left and that of Vrondado on the right. Here is a nice view of these two
Until 1800, these were the only inhabited areas. Before
then, there was no proper harbour, only a wide bay sheltered from the east by a
long natural breakwater. When the Greek War of Independence from the Ottoman Empire broke out in 1821, there were about 5000
Catholics on the island, and hardly any Orthodox. They didn’t join the War
because they were already in effect (if not in fact) independent of Turkey, being
still protected by the French. However, they did give refuge to Christian Greeks
from Chios and Psara (two islands just off the west coast of Turkey, near Izmir),
Crete, Rhodes, Smyrna (present-day Izmir), Spetses,
Psara, Aivali, Kydonia, Kassos, Asia Minor and other parts of Greece. In
1981, about 40-45% of the island’s population of 20,000 were Catholic.
the foundation of the Greek
State the Catholic
population of the island were Hellenized and changed their Latin family names
to Greek. The family name Vuccino to Voutsinos, Russo to Roussos, Vacondio to
Vakondios, Daleggio to Dalezios, Salsa to Salsapoulos, Freri to Freris just to
mention a few. However, there was no problem of integration between the old
residents of Syros, mostly Roman Catholics and
the newly arrived refugees, mostly Greek Orthodox. The island returned to peace
and tranquility. Syros became known as a cross-roads in the Aegean and as an
international commercial center linking Western Europe and the Mediterranean Sea to the East. In 1824 the first Orthodox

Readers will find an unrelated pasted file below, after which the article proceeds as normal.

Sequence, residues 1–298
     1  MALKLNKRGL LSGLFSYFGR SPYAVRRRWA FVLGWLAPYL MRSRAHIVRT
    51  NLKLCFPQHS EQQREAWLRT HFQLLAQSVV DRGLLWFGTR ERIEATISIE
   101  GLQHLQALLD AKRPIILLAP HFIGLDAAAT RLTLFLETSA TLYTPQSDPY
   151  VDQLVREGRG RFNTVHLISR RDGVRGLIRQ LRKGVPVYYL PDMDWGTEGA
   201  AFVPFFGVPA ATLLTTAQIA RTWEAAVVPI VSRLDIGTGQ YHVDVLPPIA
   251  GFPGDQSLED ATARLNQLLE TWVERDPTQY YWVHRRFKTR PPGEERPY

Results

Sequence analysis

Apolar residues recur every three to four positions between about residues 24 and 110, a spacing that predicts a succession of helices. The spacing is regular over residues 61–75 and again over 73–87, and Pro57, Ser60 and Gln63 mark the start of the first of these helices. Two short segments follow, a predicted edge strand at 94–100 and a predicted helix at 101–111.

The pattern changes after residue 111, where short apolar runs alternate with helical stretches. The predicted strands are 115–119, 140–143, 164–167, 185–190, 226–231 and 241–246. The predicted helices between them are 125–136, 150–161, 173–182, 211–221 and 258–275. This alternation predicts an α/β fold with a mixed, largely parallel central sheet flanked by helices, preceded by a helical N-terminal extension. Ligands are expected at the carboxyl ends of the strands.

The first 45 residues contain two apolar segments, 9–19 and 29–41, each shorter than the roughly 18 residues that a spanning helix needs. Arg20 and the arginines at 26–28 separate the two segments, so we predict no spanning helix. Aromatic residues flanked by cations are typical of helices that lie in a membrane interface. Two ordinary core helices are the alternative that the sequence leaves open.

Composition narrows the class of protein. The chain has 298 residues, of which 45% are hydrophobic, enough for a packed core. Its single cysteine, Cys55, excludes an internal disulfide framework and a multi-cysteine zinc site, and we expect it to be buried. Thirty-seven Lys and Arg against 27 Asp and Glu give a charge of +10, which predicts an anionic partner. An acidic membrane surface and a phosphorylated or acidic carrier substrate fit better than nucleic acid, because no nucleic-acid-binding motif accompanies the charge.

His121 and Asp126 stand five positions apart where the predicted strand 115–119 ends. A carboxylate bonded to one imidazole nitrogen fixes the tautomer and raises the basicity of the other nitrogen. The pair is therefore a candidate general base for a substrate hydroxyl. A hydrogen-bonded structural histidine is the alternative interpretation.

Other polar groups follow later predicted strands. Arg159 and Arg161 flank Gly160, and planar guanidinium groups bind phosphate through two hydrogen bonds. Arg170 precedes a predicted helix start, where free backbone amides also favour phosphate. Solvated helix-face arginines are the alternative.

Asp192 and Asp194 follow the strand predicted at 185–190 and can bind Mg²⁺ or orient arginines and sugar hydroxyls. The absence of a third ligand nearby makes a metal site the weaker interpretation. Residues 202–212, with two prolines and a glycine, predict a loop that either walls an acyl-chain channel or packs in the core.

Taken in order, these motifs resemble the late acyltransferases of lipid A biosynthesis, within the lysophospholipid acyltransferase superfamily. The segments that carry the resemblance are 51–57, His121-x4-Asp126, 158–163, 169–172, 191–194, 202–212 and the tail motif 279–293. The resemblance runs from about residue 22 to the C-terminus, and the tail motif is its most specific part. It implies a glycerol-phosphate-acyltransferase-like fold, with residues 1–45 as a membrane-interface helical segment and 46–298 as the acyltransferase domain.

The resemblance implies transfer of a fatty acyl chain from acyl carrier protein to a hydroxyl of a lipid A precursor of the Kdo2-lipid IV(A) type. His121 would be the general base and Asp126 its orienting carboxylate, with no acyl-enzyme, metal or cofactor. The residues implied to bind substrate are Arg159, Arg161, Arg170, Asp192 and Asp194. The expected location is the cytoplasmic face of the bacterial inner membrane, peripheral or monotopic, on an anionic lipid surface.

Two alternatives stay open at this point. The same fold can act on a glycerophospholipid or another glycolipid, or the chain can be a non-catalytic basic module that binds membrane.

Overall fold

Church Metamorphosis and the largest Greek Sanatorium was constructed.
I believe the refugees were mostly Orthodox, not Catholic,
so they would have had Greek, not Latin, names. The refugees, particularly the
Chians, were great traders and businessmen. Most were mariners and tradesmen. Recognizing
the absence of a port, they established the fine new city of Hermoupolis (Ermoupolis) on the
When the War of Independence ended, most of the refugees
returned home. However, the Chians remained because Chios remained part of Turkey for
another 90 years. Hermoupolis rapidly became the first free port zone of
Greece. It was the largest Greek port for most of the 19th century,
much bigger than Piraeus, the port of Athens,
and was the biggest shipyard in the eastern Mediterranean.
In a part of the town called Vaporia former steamer captains built their
elegant homes; it has a very French atmosphere.
Today, there are 103 churches and chapels on Syros, divided as follows:
The Catholics of Syros are not of Frankish (i.e. Latin)
origin, but are natives who converted progressively to Catholicism between the
14th and 18th centuries.
Birth records were recorded in the City Hall of Ano Syros
for the period 1880 to 1931, after which were recorded at Hermoupolis.
“The Companion Guide to the Greek Islands”,
Ernle Bradford, 6th edition, 1998
do you belong? Catholic and Orthodox name in Syros (Greece)”
by Olga Sapkidis, chapter 5 (pages 73-88) in the book “Name and Social
Structure – Examples from Southeast Europe”,
Edited by Paul H Stahl, East European Monographs, No. DVI, Boulder, 1998. ISBN 0-88033-404-5.